March, 1999

From the Editor

Building Brands

It is easy for members of an industry to delude themselves. With our generally hectic lifestyles in late 20th century America, it is pleasing for the food industry to think that consumers are so busy they simply don’t have time to shop and cook.

The implication is that everyone would just be thrilled to shop and cook – if only they weren’t so busy.

It is like the comfort food we promote in our deli; just to say it is somehow reassuring. Unfortunately there is precious little evidence that it is true.

The old model of shopping and cooking has fallen by the wayside, not because of a shortage of time, but because of an active choice by consumers. In our more affluent society, families are choosing to spend that money to avoid the drudgery of a shopping trip, of cooking and of cleaning up afterwards.

For most people, this means a lot more fast food; for those more affluent, casual dining establishments.

So what does this all mean for supermarkets? As incomes rise, people seem willing to spend more money on food and the challenge for supermarkets in general and deli departments in particular is how to position themselves to capitalize on the tsunami of interest in food.

Forbes magazine just put out an issue highlighting celebrities that are successfully building business franchises around a name. Most of those highlighted are the usual suspects – big name entertainers and athletes like Jerry Seinfeld, Michael Jordan, etc. But also prominently listed are those whom Forbes identifies as the “Dough Boys” – celebrity chefs building businesses around their image, reputation and activities. We’re talking about people such as Emeril Lagasse, television’s hottest chef. His show on the Food Network, Emeril Live, does for cooking shows what Garth Brooks did for country music – mainstreams it so that one doesn’t have to be an aficionado to enjoy it.

And multitudes are reacting: Lagasse has his own spice line – it sold 1500 units in two minutes on QVC. His most recent cookbook was on the New York best seller list in 1998. He also has five restaurants – three in New Orleans, one each in high tourist locations in Las Vegas and Orlando.

This is all just beginning. But the point is that Lagasse is developing a brand, and it is in brand development that most supermarket delis are very weak. Start with the name. The typical supermarket deli is identified by a sign saying “deli”, indistinguishable from other supermarkets with the exact same sign.

Then the food is not generally promoted as having been made by anyone in particular or made in any kind of style. It is rare for stores to sell a line of seasonings or cookbooks. In fact, most deli food is rather nondescript.

This doesn’t mean it is bad, it just means that it is network – and this is the age of cable.

The big TV networks have long battled to attract large undifferentiated audiences by running a kind of race for the lowest common denominator – what is the show that everyone will tolerate?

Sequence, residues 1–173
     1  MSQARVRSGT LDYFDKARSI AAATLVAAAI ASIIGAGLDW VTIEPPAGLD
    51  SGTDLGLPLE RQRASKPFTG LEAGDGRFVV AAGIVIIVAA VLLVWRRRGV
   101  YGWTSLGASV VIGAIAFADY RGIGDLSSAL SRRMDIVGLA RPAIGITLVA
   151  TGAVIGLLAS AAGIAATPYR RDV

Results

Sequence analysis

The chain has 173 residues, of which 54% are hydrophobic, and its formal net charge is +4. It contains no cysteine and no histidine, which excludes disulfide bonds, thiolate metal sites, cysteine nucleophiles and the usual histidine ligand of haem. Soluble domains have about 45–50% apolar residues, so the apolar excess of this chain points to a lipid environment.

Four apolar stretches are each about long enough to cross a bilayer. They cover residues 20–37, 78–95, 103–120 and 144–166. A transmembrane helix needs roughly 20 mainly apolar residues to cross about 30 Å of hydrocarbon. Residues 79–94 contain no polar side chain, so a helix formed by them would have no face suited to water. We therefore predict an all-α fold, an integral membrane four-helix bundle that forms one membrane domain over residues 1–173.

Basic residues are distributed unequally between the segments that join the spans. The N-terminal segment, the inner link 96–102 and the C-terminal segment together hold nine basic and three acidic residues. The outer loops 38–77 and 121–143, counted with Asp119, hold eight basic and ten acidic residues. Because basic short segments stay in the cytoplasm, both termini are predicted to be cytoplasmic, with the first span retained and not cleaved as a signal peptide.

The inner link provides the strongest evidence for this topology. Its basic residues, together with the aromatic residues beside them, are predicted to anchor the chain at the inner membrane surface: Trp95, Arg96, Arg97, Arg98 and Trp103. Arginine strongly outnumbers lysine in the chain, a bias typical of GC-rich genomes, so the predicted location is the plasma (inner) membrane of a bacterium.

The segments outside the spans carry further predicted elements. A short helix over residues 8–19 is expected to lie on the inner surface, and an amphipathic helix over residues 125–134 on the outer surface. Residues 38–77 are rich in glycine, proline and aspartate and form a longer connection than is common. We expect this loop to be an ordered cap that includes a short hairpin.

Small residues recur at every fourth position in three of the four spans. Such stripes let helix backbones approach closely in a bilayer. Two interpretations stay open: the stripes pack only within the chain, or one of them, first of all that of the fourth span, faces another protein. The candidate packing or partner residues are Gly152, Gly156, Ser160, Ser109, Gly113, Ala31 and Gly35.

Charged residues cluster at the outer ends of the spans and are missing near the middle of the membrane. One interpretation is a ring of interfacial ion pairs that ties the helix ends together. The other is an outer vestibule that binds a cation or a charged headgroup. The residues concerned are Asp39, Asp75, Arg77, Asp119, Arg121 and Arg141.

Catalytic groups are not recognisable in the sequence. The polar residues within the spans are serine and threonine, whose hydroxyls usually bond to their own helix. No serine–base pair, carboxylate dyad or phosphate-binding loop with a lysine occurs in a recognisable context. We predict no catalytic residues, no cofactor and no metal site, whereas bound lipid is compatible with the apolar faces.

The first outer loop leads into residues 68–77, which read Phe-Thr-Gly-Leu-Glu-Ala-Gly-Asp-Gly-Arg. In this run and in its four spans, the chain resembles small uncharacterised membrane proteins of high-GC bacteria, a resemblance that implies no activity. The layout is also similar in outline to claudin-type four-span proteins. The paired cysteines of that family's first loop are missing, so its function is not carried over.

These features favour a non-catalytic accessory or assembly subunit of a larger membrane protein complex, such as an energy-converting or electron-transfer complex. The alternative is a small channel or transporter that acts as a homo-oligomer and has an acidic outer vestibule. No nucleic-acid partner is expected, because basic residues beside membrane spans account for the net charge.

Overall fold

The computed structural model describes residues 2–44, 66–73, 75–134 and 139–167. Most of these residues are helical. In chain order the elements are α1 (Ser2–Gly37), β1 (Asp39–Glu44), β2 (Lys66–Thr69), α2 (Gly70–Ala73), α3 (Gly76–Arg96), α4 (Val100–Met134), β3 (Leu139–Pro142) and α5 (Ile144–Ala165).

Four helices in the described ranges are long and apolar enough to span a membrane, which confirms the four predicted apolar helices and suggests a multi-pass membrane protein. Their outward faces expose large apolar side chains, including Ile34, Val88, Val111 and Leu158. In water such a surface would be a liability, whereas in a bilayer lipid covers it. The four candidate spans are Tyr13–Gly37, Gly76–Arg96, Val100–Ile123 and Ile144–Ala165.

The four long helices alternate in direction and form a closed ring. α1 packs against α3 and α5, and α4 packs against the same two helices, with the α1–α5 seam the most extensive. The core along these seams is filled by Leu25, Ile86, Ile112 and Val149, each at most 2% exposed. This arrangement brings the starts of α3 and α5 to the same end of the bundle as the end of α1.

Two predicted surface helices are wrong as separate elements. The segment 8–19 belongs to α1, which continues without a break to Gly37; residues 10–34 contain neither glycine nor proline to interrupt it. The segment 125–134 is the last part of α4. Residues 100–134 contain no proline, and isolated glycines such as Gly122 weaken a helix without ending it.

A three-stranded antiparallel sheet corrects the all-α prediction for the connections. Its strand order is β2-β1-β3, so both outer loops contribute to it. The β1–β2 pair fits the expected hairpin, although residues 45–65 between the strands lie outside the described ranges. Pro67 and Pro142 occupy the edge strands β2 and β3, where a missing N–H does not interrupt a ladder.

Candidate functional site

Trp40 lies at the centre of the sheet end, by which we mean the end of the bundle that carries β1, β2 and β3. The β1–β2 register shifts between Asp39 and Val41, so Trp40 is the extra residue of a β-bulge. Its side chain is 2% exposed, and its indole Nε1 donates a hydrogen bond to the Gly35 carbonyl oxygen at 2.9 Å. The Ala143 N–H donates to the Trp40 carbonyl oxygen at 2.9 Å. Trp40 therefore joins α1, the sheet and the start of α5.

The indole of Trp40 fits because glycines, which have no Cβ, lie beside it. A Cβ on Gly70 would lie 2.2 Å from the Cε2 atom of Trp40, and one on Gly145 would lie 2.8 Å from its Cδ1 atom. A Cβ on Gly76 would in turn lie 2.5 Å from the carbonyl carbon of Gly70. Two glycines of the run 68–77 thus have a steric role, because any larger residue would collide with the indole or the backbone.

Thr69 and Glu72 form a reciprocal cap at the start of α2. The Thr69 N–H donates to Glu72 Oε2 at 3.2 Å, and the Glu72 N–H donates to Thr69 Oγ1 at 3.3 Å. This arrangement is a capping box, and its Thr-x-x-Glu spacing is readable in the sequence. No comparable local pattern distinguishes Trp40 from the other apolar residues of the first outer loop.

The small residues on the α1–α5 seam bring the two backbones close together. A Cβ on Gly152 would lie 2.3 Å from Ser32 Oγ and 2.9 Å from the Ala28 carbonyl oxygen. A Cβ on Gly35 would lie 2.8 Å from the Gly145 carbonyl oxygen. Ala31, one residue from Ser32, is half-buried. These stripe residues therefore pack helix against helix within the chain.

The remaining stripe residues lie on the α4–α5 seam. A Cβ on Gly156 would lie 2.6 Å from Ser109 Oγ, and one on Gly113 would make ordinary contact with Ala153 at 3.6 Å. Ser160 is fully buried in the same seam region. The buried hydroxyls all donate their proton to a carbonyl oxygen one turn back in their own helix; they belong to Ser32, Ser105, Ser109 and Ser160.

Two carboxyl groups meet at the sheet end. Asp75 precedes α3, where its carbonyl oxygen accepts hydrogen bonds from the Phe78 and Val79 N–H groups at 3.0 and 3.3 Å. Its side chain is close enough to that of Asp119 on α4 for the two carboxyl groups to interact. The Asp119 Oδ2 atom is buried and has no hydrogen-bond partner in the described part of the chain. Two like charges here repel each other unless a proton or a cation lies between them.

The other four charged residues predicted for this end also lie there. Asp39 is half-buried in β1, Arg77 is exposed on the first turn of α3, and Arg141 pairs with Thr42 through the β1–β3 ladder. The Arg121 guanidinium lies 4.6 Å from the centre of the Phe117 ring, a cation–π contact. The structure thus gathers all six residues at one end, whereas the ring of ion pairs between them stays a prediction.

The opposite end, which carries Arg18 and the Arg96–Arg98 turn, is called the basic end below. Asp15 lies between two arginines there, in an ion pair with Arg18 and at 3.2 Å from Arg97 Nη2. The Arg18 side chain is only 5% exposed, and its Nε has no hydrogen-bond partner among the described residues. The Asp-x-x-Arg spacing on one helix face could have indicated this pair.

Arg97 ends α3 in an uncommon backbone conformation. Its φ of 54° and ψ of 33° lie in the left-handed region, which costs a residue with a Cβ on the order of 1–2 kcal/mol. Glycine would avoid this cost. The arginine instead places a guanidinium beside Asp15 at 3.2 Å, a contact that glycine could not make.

Cable, with so many more channels, fights for the audience in a different way: it offers lots of specific programming to attract only those interested in that subject. Perhaps it is sports, or old movies, or comedy or news. In any case, it is something specific, and each cable channel trades off some mass for a committed audience.

It strikes me that today’s kind of undifferentiated delis are in desperate need of overhaul to correspond with the zeitgeist. Serving some mediocre Chinese, with some mediocre Italian, with some mediocre Mexican is simply not a recipe for success.

In an age where chefs are celebrities, supermarket chains with multiple units have an ability to do in a moment what Emeril Lagasse or Wolfgang Puck spend a lifetime trying to do: build a business.

First, retailers must determine what a given deli will do uniquely and well. A chain may well need two, three or five concepts, depending on how diverse a community it serves and how different in size and layout are the stores. One concept or 10, though, the steps to building the business are clear once the concept is determined:

Brand it with distinctive name, signage and packaging. Sell both prepared foods under this brand and private label ingredients, such as spices and sauces. Produce the stuff at retail, in a commissary or partner with manufacturers of distinctive products.

Chefs, under the auspices of the brand, should offer cooking classes. And full professional cookbooks should be published with signature recipes.

The goal is to build brand equity by differentiating the deli in your store from someone else’s deli.

For too long, delis have been seen as support departments, there to serve the clientele attracted by the grocery offerings. Today, it makes more sense to turn the equation around. Use a great differentiated, branded deli to attract customers and sell them some groceries, as well. Of course, one day we might wonder why we care so much about selling those low-profit grocery items, when we can sell branded fresh food at margins to make a grocery manager green with envy.  DB